Rob Douglas' column appears Fridays in the Steamboat Today. He can be reached at rdouglas@SteamboatToday.com.
Find more columns by Douglas here.
Steamboat Springs On Wednesday, Americans across the globe will pause in prayer and reflection on the 12th anniversary of the 9/11 attacks conducted inside the United States by al-Qaida.
During those 12 years, the U.S. has engaged in hot and cold wars, overtly and covertly, against or within dozens of countries around the world. The global war on terror has been conducted using uniformed military forces, special operations forces, covert operatives, militarized drone aircraft and cyber warfare.
This world war is being fought almost exclusively by the U.S. While other countries pay lip service to the need to combat terrorists and the countries that give them shelter, that is almost all they pay.
As our allies shirk their responsibilities, the U.S. bears the financial burden of nonstop war. More important, it is Americans who increasingly pay the human cost of war with their lives or with horrific injuries that maim the body and mind.
Actually, it’s just a tiny fraction of Americans. Currently, in a nation of 316 million, less than 0.5 percent of the populace have the courage and patriotism to step forward and wear the uniform of their country.
Personally, I am ashamed that I never volunteered to serve the way my grandfather and father did in World Wars I and II, respectively. While I can’t turn back the calendar and right that wrong, I can speak out in opposition to the U.S. entering yet another war — the civil war in Syria.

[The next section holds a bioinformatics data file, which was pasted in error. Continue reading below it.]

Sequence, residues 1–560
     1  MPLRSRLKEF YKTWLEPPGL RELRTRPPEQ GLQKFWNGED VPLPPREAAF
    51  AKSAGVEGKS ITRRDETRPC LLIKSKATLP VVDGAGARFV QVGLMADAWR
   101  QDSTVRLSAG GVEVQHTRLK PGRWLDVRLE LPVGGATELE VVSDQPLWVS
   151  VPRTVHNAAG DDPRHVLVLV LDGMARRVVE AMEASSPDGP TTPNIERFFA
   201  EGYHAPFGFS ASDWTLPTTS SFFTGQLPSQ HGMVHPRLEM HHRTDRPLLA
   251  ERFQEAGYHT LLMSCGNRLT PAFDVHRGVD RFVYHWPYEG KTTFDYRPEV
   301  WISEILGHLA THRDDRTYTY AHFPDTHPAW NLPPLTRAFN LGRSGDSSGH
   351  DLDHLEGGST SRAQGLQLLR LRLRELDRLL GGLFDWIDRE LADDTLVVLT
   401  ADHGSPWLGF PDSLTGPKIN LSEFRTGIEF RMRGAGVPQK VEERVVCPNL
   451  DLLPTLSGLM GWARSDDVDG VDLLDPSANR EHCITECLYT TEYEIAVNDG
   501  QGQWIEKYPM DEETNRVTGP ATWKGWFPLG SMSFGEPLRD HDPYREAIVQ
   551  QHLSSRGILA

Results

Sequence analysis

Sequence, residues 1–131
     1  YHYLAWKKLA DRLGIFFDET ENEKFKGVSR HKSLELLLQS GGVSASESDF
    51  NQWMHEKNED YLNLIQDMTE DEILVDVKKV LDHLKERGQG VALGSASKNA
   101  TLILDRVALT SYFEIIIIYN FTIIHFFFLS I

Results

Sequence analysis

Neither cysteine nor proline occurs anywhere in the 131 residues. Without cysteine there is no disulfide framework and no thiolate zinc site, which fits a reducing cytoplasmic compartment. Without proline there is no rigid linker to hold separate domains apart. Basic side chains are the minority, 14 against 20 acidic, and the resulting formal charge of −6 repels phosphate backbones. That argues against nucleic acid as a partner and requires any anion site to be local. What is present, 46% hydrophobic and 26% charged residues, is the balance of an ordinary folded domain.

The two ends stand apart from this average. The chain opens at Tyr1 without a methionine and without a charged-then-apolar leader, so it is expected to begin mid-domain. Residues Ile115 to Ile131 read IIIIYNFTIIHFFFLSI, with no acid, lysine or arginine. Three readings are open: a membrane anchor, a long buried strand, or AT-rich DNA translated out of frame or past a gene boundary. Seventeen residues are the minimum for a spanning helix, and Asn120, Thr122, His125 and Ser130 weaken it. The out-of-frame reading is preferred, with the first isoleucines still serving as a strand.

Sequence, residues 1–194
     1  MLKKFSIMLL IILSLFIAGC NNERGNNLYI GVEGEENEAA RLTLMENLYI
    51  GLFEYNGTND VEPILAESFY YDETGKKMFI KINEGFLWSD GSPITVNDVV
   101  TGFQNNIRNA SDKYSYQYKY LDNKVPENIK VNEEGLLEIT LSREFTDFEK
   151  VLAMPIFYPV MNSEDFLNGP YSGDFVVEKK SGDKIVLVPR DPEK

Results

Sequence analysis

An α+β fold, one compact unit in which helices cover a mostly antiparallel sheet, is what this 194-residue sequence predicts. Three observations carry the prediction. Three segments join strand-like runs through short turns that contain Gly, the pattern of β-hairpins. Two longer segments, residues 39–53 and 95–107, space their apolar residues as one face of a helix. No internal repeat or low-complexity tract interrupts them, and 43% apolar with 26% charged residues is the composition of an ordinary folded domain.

I can speak out in opposition to entering a war that President Barack Obama wouldn’t consider entering if American families had conscripted children at risk. If they did, those families would take to the streets to oppose a proxy war with Iran in Syria in the same way families of draftees eventually opposed fighting a proxy war with the then-Soviet Union in Vietnam.
I can speak out in opposition to a president who bluffed by drawing a “red line” against the Syrian regime’s use of chemical weapons but, now that the line has been crossed, intends to put the U.S. military in harm’s way to “punish” the regime instead of destroying it and the chemical weapons.
I can speak out in opposition to Secretary of State John Kerry who foolishly equates 1,000 deaths by “chemical warfare” to the Holocaust while simultaneously ignoring that the president he serves didn’t lift a finger while more than 100,000 Syrians were slaughtered by “conventional warfare.”
I can speak out in opposition to a secretary of state who is destroying the credibility of the U.S. by claiming that launching hundreds of missiles and bombs into a sovereign country is not conducting war “in the classic sense” because there wouldn’t be “boots on the ground.”
Finally, I can speak out in opposition to the president’s plan to enter Syria’s civil war because his rationale doesn’t satisfy the Powell Doctrine. The Powell Doctrine is a series of criteria that then-Chairman of the Joint Chiefs of Staff Colin Powell articulated as the basis for the U.S. going to war with Iraq in 1991 during the Gulf War.
While there have been various formulations of the Powell Doctrine, the following criteria are generally accepted, and arguably, the president’s plan doesn’t satisfy any of them.
1. Is a vital national security interest threatened?
2. Do we have a clear attainable objective?
3. Have the risks and costs been fully and frankly analyzed?
4. Have all other nonviolent policy means been fully exhausted?
5. Is there a plausible exit strategy to avoid endless entanglement?
6. Have the consequences of our action been fully considered?
7. Is the action supported by the American people?
8. Do we have genuine broad international support?
Next week, our elected representatives in Washington, D.C., will vote on Obama’s request for congressional authorization to use military force against Syria. As Americans, whether we have a family member in the military or not, each of us should decide if this is the correct use of our military, and we should make that decision known to our elected representatives before they vote.
It’s the least we can do for those who volunteer to risk their lives for us.
To reach Rob Douglas, email rdouglas@SteamboatToday.com.
Join the Yampa Valley VIP email club